OIC elects new secretary-general

Newly elected OIC Secretary-General Yousef Ahmed Al-Othaimeen. (Photo courtesy of Saudi-US Relations Information Service.)
Updated 17 November 2016

OIC elects new secretary-general

JEDDAH: Saudi Arabia's former Social Affairs Minister Yousef Ahmed Al-Othaimeen was elected on Thursday as the new secretary-general of the Jeddah-based Organization of Islamic Cooperation (OIC).

The election took place during an extraordinary session of the OIC Council of Foreign Ministers in Makkah,

The post had fallen vacant after the resignation on health grounds of Iyad Madani effective Oct. 31, 2016.

"Al-Othaimeen's election was unanimous," Maha Akeel, director of Information Department at the OIC, told Arab News. "Al-Othaimeen took charge on Thursday from acting Secretary-General Abdullah Alem."

Founded in 1969, the organization has 57 member states and acts as the "collective voice of the Muslim world."


Uthman Taha: ‘I wish the verses about heaven would never end’

Taha is the official calligrapher of the Qur’an at the King Fahd Complex for the Printing of the Holy Qur’an in Madinah. The 86-year-old is still in the recovery phase, his wife said, and has been advised to rest and to avoid stress. (Supplied)
Updated 15 August 2020

Uthman Taha: ‘I wish the verses about heaven would never end’

  • The Syrian Qur’an writer, regarded as one of the world’s finest calligraphers, is on the road to recovery following his recent hospital admission

MAKKAH: Syrian calligrapher Uthman Taha is in good health and recovering at home after a 13-day stay in a hospital where he was treated for what he and his wife initially suspected to be the novel coronavirus COVID-19, although he ultimately tested negative for the virus.

Taha is the official calligrapher of the Qur’an at the King Fahd Complex for the Printing of the Holy Qur’an in Madinah. His wife, Fatimah Umm Al-Nour, said Taha had a chest infection during his stay at the hospital and stressed that he had been “careful and took all the precautionary measures” and that he had not left the house for five months before his hospital visit.
The 86-year-old calligrapher is still in the recovery phase, his wife said, and has been advised to rest and to avoid stress. She praised his doctors, who have consistently checked in with the couple since Taha returned home, and added that she has tested negative for COVID-19 too.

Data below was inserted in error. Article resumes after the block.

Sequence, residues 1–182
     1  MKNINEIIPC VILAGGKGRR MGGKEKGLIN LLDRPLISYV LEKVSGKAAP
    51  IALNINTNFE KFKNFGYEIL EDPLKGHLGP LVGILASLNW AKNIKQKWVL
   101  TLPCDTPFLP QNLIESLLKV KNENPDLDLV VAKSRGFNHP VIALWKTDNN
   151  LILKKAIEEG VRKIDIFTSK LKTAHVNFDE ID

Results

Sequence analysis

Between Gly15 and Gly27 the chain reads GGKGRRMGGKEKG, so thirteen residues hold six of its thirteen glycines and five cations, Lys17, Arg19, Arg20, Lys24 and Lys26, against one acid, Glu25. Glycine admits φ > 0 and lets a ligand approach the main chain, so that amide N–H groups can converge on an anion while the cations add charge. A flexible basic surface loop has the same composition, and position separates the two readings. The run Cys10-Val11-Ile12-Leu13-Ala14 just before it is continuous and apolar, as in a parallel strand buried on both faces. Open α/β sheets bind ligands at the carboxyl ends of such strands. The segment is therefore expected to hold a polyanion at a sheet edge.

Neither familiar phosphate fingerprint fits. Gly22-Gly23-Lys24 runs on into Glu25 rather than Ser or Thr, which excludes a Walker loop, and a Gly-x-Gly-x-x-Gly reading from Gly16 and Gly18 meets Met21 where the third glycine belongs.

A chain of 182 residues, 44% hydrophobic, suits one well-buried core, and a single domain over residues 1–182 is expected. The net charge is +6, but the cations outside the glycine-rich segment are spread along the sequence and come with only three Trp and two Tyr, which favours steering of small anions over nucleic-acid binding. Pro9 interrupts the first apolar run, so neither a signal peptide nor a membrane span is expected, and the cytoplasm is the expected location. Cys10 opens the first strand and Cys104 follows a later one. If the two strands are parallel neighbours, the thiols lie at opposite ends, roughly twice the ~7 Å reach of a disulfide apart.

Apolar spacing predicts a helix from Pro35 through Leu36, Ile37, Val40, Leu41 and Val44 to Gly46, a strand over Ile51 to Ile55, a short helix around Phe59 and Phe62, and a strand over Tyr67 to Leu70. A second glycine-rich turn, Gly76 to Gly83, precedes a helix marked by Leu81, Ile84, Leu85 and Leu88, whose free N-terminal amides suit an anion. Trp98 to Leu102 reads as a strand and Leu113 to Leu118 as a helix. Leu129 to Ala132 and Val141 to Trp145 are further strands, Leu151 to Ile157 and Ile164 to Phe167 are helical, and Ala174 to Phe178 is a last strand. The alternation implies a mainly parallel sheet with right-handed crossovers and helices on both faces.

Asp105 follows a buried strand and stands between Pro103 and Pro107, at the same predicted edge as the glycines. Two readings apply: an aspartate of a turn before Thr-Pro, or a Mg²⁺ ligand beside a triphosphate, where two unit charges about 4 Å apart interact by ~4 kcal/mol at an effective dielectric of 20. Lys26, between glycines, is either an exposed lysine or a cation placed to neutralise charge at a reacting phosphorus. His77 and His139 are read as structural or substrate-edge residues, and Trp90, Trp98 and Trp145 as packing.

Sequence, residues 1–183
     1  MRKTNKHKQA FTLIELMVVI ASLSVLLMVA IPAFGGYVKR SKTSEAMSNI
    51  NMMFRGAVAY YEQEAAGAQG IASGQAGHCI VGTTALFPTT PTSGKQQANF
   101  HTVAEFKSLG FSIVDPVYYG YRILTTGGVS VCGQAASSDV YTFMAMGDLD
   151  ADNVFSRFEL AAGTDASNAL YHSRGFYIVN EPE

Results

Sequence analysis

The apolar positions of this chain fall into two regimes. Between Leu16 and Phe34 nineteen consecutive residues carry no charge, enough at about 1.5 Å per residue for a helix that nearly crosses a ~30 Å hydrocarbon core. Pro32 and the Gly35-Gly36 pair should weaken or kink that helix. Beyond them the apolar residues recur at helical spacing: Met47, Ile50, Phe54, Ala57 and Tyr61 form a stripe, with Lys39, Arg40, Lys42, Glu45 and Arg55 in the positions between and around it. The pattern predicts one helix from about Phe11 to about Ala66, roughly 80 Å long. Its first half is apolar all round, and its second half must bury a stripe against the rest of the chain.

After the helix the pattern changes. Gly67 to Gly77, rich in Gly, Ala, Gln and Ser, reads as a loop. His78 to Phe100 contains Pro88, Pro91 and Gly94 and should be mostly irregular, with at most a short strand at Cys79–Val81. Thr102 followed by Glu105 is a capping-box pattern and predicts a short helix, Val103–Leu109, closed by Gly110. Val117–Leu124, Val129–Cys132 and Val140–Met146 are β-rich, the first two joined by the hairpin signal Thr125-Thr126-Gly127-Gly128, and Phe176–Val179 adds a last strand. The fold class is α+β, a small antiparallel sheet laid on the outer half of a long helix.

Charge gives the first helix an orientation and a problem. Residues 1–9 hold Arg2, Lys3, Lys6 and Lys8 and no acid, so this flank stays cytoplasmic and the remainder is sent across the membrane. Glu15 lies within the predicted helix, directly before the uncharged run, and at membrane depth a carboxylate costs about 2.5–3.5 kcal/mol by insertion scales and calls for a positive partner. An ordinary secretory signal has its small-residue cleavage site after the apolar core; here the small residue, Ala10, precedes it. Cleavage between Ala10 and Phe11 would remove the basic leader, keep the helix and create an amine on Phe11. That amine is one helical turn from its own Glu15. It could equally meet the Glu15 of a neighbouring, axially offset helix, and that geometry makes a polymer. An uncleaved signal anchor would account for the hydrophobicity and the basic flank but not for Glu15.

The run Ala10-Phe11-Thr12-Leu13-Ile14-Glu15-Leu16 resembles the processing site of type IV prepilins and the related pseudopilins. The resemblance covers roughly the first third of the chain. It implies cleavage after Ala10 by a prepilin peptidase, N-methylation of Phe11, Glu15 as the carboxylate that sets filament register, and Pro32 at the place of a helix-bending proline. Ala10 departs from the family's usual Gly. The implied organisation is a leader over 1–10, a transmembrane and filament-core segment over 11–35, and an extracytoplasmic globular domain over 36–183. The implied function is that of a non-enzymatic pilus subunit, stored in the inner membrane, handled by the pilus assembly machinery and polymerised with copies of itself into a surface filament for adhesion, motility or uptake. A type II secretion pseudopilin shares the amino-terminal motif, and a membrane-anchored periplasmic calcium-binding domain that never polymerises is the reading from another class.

Taha is regarded as one of the most skilled calligraphers in the Arab world. Al-Nour told Arab News that he continues to practice calligraphy daily.
Taha, who has written the Qur’an 12 times at the King Fahd Complex, was born in 1934 and attended school in Aleppo. His father was also a skilled calligrapher, who used the Ruq’ah script, and Taha studied with several of Syria’s finest calligraphers including Mohammed Al-Mawlawi, Mohammed Al-Khatib, Hussein Al-Turki, and Ibrahim Al-Rifai.
When he moved to Damascus for university, Taha began to learn other scripts, including Thuluth, Naskh (in which he is now considered a master), and Farsi. He received his calligraphy certificate from master calligrapher Hamed Al-Amadi in 1973.
He arrived in Saudi Arabia in 1988, and began work as a calligrapher at the King Fahd Complex for the Printing of the Holy Qur’an in Madinah. He writes the Qur’an in the Ottoman script, and copies of his work have been distributed throughout the Islamic world.
What makes Taha’s work unique is that each page of the Qur’an that he writes concludes at the end of a verse. The secret, he explains, is to simplify the words — which is the origin of the Kufic script in which the Qur’an has been written since the days of Prophet Muhammad’s companions — keeping the letters close to one another.
Taha spent years perfecting his technique of evenly distributing the words in every line so that the space between the lettering is consistent throughout every page of every book, which means eliminating many of the script combinations that make such consistency difficult.
He explained to Arab News that when he is working on his Qur’an calligraphy he is transported: “When I begin writing the Holy Qur’an, I resort to solitude to allow myself to be invested in the verses and their interpretation, forgetting about the world around me,” he said. “I wish the verses about Jannah (heaven) would never end, and my hand trembles when I write the verses about Jahannam (hell).”